Archives For Evangelism

If you are new to watching televised soccer, you might not know what exactly it is you are supposed to be looking for. You understand that the goal is goals… but certainly there is more nuance than that, right? If the average game is 2-1, then you are spending a lot of time watching something other than scoring. What exactly is it, and how do you enjoy it?

Here is the simplest explanation I can come up with, and if you understand this, then not only will you enjoy soccer, but you will be a better Christian as well—and yes, I meant to type that.   Continue Reading…

June 3, 2014

Who will go?

by Nathan Busenitz

A guest post on world missions from Charles Spurgeon:

I plead this day for those who cannot plead for themselves, namely, the great outlying masses of the heathen world. Our existing pulpits are tolerably well supplied, but we need men who will build on new foundations. Who will do this?

Are we, as a company of faithful men, clear in our consciences about the heathen? Millions have never heard the Name of Jesus. Hundreds of millions have seen a missionary only once in their lives, and know nothing of our King. Shall we let them perish?

Can we go to our beds and sleep, while China, India, Japan, and other nations are being damned? Are we clear of their blood? Have they no claim on us? We ought to put it on this footing – not, ‘Can I prove that I ought to go?’ but, ‘Can I prove that I ought not to go?’ When a man can honestly prove that he ought not to go, then he is clear, but not else. What answer do you give, my brethren? I put it to you man by man. Continue Reading…

While there are many terrible places on earth to be a Christian (Sudan, North Korea, Afghanistan, Bhutan, etc.), Pakistan is arguably the worst. Other nations persecute believers, but in Pakistan the entire country has spent generations forming a world view that values the torturing of those that claim the name of Christ.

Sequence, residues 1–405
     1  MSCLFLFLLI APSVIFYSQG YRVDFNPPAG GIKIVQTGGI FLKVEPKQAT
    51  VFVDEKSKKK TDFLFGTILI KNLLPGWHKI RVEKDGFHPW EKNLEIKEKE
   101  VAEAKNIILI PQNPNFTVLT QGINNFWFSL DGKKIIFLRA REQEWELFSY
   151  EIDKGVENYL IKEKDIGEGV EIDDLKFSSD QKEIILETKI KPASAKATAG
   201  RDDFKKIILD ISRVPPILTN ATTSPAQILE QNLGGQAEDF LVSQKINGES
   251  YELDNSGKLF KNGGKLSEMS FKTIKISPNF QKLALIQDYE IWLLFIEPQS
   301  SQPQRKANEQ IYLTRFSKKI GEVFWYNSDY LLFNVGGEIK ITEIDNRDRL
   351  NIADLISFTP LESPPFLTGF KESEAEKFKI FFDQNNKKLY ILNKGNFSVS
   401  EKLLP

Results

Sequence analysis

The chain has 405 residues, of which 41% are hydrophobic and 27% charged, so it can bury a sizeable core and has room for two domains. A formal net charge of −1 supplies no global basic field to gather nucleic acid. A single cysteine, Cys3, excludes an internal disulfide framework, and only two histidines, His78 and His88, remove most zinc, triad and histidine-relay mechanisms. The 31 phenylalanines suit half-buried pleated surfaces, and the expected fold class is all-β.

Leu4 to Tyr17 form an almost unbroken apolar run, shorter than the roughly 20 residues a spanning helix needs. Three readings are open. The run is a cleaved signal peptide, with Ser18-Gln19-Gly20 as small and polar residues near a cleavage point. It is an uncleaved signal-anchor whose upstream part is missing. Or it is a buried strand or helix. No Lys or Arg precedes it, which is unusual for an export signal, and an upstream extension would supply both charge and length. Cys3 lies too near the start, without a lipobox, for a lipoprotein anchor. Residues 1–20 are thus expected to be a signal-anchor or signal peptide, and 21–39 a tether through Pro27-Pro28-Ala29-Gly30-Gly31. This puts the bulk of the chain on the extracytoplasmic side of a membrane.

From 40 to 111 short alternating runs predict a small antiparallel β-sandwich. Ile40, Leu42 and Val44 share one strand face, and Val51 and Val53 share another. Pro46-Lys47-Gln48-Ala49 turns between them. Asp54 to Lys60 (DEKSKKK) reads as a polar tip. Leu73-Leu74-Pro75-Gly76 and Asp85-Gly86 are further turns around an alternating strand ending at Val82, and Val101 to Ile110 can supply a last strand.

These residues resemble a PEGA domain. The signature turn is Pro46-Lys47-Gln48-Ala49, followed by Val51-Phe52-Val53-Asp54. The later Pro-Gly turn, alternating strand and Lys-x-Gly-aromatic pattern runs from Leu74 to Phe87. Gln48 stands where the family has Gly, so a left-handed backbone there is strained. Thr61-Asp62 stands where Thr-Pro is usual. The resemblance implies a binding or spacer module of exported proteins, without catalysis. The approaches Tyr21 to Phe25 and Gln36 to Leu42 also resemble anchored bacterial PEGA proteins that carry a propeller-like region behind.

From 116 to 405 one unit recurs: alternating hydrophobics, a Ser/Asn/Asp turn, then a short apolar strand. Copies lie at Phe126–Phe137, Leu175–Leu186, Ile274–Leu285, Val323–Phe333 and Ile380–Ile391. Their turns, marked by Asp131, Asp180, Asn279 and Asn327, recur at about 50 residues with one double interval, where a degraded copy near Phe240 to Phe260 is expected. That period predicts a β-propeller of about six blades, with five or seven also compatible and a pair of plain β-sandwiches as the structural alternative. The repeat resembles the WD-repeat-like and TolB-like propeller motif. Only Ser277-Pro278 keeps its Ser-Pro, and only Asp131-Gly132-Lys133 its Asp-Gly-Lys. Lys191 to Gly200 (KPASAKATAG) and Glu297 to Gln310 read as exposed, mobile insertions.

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It was almost six years ago when a group of fifteen Southern Baptist evangelists met together to bemoan the growth of Calvinism within SBC circles.

When asked about his concerns, Jerry Drace (the evangelist who initiated the meeting) explained that some Baptist pastors are so Calvinistic “that they almost laugh at evangelism. It’s almost to the extent that they believe they don’t have to do it. So [Calvinism] gives them an excuse not to do evangelism.”

Drace’s comments raise an important question. Does an affirmation of God’s sovereign election in salvation (commonly called “Calvinism”) deter people from faithfulness in evangelism?Calvin and Company

An answer to that question could be approached from several different angles.

One could, for example, consider evangelistic efforts among Baptists — comparing those who embrace the doctrine of election with those who do not. An SBC study “found that Calvinistic recent graduates report that they conduct personal evangelism at a slightly higher rate than their non-Calvinistic peers.”

A much better place to go, of course, would be the Word of God. There are many passages to which we could turn (from John 6 to Acts 13 to Ephesians 1); but I would start in Romans 9–10. Pardon the anachronism, but it is no accident that the most “Calvinistic” chapter in the Bible (Romans 9) is partnered with the most “evangelistic” (Romans 10). Clearly, the apostle Paul saw no disconnect between the reality of God’s sovereignty in salvation and his own evangelistic zeal. Continue Reading…